Emily Hower, a research assistant at Nova Southeastern University doing field work on coral off Key West in Florida, bobs up out of the water and removes her diving mask. The news is not good.
Most of the pillar coral that her team have been monitoring for years are dead.
Left: Graduate students Bradley Arrington and Kathryn Cableigh pull a basket filled with corals afflicted by Stony Coral Tissue Loss Disease to their research vessel. Right: Karen Neely (left) works during a dive to collect samples of corals afflicted by Stony Tissue Loss Disease.
"It is a huge disaster that's going on underneath the waves," says Karen Neely, a coral ecologist at Nova. "This is on the level of the Amazon burning. It is on the level of a disease that's wiping out all of America's forests."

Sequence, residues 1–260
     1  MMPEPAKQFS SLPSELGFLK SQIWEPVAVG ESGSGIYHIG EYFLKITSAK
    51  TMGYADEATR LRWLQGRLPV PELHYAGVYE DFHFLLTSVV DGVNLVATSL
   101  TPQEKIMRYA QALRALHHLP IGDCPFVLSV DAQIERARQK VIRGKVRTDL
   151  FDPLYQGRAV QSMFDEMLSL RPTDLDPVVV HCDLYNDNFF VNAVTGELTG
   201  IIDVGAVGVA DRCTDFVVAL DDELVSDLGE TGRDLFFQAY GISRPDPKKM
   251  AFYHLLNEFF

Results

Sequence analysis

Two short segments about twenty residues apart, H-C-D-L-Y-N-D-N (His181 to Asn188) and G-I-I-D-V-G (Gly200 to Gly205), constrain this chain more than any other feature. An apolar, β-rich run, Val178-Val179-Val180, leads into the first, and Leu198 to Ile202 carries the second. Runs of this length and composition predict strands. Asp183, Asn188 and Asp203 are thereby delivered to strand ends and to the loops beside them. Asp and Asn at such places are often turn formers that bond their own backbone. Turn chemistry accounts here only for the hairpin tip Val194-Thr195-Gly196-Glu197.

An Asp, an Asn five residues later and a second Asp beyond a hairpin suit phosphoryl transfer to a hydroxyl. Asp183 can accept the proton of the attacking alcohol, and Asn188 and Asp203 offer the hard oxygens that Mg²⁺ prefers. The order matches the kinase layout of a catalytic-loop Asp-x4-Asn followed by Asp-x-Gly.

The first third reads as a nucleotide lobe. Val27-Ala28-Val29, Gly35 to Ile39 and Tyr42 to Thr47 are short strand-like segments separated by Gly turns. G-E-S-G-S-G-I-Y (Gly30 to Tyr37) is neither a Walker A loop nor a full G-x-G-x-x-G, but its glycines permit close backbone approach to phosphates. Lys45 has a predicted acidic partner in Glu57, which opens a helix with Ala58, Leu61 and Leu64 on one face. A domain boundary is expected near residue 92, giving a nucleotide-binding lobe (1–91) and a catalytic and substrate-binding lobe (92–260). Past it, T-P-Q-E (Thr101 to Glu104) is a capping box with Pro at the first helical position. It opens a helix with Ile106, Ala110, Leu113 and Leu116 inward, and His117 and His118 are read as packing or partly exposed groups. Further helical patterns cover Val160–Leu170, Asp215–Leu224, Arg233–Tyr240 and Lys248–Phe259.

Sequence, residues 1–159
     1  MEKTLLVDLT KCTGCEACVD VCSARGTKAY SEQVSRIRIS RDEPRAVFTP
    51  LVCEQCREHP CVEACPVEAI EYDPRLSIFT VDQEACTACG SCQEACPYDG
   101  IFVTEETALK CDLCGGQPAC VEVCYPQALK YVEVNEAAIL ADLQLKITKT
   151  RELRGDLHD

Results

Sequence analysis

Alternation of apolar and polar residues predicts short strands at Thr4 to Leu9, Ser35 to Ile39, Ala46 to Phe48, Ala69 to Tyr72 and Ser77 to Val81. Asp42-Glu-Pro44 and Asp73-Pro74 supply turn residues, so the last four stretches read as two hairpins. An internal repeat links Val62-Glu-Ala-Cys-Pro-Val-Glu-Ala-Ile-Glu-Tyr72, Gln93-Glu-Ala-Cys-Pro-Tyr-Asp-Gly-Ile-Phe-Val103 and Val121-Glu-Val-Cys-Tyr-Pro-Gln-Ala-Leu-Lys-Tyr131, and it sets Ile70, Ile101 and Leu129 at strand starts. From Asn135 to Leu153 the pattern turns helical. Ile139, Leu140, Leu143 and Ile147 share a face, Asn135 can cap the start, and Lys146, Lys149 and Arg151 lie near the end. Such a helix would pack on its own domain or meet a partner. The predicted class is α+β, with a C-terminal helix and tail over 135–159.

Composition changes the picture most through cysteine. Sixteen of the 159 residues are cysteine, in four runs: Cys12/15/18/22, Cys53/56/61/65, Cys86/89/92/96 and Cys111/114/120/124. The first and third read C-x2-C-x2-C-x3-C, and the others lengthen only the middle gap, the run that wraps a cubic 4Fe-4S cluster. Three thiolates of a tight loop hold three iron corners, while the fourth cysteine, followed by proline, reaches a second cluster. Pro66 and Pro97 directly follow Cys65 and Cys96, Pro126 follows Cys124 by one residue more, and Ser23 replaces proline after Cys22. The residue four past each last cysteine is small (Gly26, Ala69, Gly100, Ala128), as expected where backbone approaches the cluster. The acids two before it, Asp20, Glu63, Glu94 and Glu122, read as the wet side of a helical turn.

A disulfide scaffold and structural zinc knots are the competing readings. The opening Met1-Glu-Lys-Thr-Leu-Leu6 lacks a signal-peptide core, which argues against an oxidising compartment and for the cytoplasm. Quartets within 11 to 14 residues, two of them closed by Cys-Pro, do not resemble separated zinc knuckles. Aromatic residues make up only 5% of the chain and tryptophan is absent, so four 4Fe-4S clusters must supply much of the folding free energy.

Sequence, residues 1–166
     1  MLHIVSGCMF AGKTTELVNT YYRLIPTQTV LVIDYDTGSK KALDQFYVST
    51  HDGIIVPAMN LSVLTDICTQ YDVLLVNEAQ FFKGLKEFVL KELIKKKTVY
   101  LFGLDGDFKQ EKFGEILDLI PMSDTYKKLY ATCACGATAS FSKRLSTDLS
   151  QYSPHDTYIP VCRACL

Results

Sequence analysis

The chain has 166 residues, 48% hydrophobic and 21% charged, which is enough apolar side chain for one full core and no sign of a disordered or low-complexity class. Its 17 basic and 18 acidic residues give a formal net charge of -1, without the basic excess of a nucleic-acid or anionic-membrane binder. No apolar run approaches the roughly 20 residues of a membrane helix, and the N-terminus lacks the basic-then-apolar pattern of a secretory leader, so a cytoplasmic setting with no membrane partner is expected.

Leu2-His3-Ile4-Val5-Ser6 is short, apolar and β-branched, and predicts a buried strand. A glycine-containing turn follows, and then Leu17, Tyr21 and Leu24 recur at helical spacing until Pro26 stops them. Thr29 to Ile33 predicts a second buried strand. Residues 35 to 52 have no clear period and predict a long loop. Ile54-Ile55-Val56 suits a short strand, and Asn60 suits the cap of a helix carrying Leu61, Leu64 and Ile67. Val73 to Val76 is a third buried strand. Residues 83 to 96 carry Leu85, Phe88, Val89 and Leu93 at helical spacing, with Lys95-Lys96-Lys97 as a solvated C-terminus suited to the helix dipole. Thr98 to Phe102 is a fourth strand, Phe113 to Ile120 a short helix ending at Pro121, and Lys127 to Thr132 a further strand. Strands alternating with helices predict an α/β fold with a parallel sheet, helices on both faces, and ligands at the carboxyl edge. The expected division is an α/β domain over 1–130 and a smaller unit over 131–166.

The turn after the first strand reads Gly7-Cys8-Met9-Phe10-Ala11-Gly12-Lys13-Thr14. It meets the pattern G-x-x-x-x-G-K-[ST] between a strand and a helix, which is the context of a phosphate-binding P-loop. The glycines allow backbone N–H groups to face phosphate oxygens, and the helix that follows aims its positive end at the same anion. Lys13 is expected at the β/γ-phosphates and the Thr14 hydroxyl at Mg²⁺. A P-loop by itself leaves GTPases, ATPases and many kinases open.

Stony Coral Tissue Loss Disease attacks the tissue of coral, transforming healthy, vibrant marine ecosystems into drab, dead worlds within weeks.
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The disease has ravaged the entire Atlantic reef off Florida, spread across parts of the Caribbean, and has recently been reported near Belize in central America. Pillar coral, whose clusters of spiky fingers appear to reach up from the sea bed, is "reproductively extinct" off the Florida coast, says Keri O'Neil, chief coral scientist at the Florida Aquarium.
At the aquarium, a rare ray of hope comes from a room that has the lights off for much of the year. Here, an elaborate and expensive system of LED lights is designed to emulate sunrises, sunsets and phases of the moon to coax pillar coral in tanks into reproducing as if they were in the ocean.
Such a loss would represent "a loss of biodiversity which could be a source for future medicines, the loss of fisheries, the loss of tourism value," says Brandt. "A lot of Caribbean islands have part of their culture based around coral reefs and if you lose those reefs you lose an aspect of their culture."